The following excerpt is from an older historical text:
The Home of Dr. and Mrs. A.W. Harris, Nashville
The land on which Glen Leven stands was taken up in 1781 by Thomas Thompson as a Revolutionary grant from the State of North Carolina. It was four miles south of Fort Nashboro, where Thompson signed the Cumberland Compact. His original dwelling was a blockhouse, but later, on the site of the present residence, he built a log house which was burned. Glen Leven itself was constructed in the Jeffersonian style by the settler’s son, John Thompson, without benefit of architect, from brick made on the place by his slaves.
The earliest record of a flower garden at Glen Leven dates from 1837, when John Thompson sent to Holland for a shipment of bulbs, including diminutive yellow, exceeding fragrant narcissi, various varieties of daffodils, and blue, white, plumed, and grape hyacinths. The garden was laid out in the form of a square, with a large circular bed in the center and small beds of geometric design completing the pattern.
It was Mrs. Mary Hamilton Thompson, John Thompson’s fourth wife, who added roses and bulbs, and brought the garden to a high state of cultivation. Flowers of the original shipment from Holland still bloom at Glen Leven in multiplied quantities.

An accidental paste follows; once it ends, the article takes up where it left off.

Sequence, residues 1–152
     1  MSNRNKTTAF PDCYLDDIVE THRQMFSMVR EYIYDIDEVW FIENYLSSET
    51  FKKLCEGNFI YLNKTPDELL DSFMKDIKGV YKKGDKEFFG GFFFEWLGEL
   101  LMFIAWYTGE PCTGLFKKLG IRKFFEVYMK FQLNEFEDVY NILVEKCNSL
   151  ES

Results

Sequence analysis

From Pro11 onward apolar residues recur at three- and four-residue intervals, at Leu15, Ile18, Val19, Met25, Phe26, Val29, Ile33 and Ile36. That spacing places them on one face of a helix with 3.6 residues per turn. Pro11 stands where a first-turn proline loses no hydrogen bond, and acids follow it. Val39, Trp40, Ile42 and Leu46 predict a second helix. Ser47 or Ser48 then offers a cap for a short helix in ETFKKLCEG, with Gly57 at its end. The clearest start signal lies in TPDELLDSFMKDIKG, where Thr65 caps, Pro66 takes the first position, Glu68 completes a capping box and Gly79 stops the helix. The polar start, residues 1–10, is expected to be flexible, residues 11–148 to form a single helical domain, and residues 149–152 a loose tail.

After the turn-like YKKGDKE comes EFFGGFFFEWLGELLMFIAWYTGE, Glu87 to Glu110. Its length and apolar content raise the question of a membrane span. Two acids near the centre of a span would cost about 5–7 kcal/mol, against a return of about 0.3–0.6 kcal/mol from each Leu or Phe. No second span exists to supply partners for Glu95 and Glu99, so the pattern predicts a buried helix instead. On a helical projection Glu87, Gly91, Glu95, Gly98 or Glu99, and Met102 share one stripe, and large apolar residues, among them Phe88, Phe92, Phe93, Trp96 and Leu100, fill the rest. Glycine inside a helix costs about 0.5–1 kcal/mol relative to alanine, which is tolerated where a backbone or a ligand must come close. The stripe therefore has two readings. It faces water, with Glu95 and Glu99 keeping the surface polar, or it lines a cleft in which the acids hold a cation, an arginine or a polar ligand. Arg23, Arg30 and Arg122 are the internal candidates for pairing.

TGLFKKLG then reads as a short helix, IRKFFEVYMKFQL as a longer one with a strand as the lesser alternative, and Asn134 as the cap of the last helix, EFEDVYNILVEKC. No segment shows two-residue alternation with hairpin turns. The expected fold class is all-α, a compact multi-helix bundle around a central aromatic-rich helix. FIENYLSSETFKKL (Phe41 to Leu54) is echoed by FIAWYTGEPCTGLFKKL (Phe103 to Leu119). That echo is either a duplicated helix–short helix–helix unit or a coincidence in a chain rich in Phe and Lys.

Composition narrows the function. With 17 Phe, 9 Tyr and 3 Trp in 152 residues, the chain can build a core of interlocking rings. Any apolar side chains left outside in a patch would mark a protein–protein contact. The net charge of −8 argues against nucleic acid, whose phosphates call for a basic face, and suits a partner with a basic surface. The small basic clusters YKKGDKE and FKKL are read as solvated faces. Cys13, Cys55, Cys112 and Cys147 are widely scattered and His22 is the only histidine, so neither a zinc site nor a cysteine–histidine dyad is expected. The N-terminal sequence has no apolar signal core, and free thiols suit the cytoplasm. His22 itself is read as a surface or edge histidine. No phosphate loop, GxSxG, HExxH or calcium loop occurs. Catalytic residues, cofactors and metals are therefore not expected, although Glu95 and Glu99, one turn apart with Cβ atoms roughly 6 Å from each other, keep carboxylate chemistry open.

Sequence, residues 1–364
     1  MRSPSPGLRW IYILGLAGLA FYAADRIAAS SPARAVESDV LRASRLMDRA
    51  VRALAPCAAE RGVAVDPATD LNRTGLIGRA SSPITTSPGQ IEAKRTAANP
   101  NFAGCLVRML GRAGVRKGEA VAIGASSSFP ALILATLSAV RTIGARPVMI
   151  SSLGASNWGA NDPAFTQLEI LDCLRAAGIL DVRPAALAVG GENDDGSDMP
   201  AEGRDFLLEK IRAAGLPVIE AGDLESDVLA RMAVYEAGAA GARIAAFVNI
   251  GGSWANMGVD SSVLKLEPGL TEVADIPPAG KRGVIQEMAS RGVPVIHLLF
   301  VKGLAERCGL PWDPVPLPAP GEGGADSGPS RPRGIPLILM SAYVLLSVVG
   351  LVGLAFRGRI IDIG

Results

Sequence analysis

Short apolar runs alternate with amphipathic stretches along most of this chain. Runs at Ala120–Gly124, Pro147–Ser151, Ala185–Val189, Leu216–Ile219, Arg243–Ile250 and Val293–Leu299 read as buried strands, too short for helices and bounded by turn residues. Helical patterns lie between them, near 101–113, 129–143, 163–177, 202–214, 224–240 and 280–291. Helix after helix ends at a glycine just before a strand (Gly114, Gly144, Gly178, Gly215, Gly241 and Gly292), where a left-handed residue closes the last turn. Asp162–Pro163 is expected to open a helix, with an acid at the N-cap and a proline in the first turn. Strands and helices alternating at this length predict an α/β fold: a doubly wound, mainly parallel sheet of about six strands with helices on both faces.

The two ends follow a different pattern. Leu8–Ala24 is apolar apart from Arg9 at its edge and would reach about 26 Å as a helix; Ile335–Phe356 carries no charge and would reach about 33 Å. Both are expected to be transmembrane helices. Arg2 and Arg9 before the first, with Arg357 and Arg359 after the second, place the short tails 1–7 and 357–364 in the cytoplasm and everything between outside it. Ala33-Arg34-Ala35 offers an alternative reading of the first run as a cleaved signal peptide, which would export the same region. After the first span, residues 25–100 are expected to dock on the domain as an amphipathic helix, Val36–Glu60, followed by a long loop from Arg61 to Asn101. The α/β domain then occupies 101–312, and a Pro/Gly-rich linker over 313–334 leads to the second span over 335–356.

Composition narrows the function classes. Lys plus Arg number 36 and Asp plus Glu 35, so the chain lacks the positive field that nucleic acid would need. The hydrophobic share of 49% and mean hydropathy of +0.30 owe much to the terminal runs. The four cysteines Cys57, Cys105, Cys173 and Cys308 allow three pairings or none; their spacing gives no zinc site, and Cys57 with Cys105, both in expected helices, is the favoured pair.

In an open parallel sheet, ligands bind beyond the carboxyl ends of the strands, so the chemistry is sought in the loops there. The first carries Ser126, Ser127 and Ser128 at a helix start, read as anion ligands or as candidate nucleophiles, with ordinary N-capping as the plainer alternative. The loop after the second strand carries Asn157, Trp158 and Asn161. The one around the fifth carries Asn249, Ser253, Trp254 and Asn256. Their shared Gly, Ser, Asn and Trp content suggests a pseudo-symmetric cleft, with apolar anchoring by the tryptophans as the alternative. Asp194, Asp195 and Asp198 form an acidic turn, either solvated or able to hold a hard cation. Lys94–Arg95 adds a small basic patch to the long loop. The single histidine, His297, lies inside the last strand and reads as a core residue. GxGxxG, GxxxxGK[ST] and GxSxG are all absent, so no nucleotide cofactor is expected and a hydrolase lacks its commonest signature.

Situated between the first and second day lines of the Battle of Nashville, Glen Leven suffered during the war. The brick walls still show chips made by bullets fired at Mrs. Thompson. During the battle the house was used as a hospital by Federal troops.
Soldiers of both armies when retiring from the first day’s encounter stopped off for water at the cistern behind the house. Cutting back across the lawn to rejoin their comrades on the Franklin Road they completely obliterated the design of the garden and trampled all traces of the plants into the mud and snow.
During the years of discouragement and desolation that followed, the garden was neglected. Later, when Mary McConnell Overton came to Glen Leven as the bride of John Thompson, Jr., she assisted her mother-in-law in moving and remaking the garden. Using a walk ten feet wide and one hundred feet long as the central design, the original flowers and shrubs were replanted in beds and borders on both sides. At this time peonies, lilacs, roses, lemon lilies, magnolias, snowballs, and the smoketree were added.
In addition to the forest trees shading the wide lawn at Glen Leven there are many other notable ones. Among them is an enormous specimen of Paulownin, a dozen English field maples which came as cuttings from Kew Gardens, England, and a number of rare Fustic or “yellowwood” trees, which were brought down from the Overton Hills.
Glen Leven is the home of Dr. and Mrs. A.W. Harris. Mrs. Harris is a great-granddaughter of Thomas Thompson, the original settler.
BONPS ASSISTS IN ARTIFACT HUNT
The Battle of Nashville Preservation Society was asked to recover all relics at the Glen Leven Estate by its owner, the Land Trust of Tennessee. Manning the metal detectors and shovels are, left to right, Thomas Cartwright, Mark Swann, Rebecca Swann, and BONPS President Jim Kay.
Jim Kay displays a Union army breastplate found at the Glen Leven Estate.